The CSS positioning properties allows you to position an element, lets you control how and where a Web browser displays particular elements. This is one of the most confusing concepts in CSS. I can help you understand how positioning works. position:static and position:relative can be both display:block and display:inline, while position:absolute and position:fixed will always be displayed as block elements.
There are four basic ways to position an element. Static, relative, absolute, and fixed. static is the default value; for any other value you have to apply a CSS declaration.
Position:static– the way it normally works.
Static positioning is the browser default, and it’s the most common form of positioning. An element with position: static always has the position the normal flow of the page gives it. (Ignores any top, bottom, left, or right declarations). Usually you wouldn’t specify this unless you needed to override a positioning that had been earlier set.
Position:absolute– stick the content wherever.
Positioning an element absolutely, removes the element from the normal flow. Absolute positioning is exactly what it says, absolute. Absolute positioning is a good way to take content and place it somewhere that has no relationship to the content around it. The element’s position is specified with the “left”, “top”, “right”, and “bottom” properties.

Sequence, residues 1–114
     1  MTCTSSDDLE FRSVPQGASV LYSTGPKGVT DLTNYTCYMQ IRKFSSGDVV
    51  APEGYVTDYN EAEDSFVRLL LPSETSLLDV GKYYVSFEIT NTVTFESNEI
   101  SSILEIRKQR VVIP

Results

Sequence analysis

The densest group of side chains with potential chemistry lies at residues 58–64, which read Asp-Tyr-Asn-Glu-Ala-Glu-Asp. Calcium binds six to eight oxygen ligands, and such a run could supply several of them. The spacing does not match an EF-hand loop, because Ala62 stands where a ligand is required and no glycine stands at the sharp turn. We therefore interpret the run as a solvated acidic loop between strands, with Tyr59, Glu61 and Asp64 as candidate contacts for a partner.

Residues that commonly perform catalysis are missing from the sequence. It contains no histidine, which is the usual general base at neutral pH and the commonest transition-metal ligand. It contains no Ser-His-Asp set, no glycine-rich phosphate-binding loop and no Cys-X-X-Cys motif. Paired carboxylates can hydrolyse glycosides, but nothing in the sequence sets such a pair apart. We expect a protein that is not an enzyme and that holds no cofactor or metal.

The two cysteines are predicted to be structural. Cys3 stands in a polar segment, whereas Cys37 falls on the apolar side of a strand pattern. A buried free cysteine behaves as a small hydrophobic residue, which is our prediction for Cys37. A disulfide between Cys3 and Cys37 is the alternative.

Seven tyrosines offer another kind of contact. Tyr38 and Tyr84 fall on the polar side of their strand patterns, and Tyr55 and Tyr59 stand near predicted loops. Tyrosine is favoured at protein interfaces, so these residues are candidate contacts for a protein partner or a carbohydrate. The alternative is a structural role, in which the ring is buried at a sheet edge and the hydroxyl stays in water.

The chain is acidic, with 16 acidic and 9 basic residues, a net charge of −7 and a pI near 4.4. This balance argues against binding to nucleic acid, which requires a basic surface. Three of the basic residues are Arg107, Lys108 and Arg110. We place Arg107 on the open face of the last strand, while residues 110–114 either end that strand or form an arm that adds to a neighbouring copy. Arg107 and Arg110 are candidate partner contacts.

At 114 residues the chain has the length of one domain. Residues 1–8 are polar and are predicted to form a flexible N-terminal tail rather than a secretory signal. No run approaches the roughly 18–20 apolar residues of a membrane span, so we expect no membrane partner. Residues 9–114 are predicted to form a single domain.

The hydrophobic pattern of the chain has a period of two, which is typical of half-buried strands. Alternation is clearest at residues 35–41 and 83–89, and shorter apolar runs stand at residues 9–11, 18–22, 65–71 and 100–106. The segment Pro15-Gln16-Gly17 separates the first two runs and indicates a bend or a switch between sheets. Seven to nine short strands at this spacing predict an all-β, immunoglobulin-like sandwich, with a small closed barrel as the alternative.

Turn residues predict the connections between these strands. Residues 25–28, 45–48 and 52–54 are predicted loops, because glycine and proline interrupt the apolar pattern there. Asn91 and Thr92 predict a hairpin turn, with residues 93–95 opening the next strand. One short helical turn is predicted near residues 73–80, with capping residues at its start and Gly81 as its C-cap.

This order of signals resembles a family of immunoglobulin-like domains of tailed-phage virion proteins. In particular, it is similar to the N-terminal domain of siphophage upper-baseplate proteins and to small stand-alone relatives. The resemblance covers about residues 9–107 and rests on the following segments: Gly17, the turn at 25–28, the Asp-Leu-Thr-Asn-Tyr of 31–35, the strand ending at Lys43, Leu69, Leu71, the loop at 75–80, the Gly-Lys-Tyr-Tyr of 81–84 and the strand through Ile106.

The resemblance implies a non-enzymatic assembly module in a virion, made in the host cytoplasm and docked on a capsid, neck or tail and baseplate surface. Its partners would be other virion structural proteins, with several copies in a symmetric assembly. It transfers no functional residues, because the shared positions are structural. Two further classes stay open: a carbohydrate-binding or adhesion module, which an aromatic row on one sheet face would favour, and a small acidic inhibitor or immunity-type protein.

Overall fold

Position: Relative — will be placed offset in relation to its normal position
A relatively positioned element is placed relative to its current position in the X(HTML) flow. you can use top or bottom, and left or right to move the element relative to where it would normally occur in the document. This technique is useful for controlling the way elements appear in relation to other elements in the window.
Position: Fix — will fix it on the background of the page, where it will not move when the user scrolls.
Fixed positioning is a subcategory of absolute positioning. When anyone scrolls the page, fixed elements remain onscreen as paragraphs and headlines, while photos disappear off the top of the browser window. The element’s position is specified with the “left”, “top”, “right”, and “bottom” properties. The element remains at that position regardless of scrolling. (Internet Explorer doesn’t support this CSS property)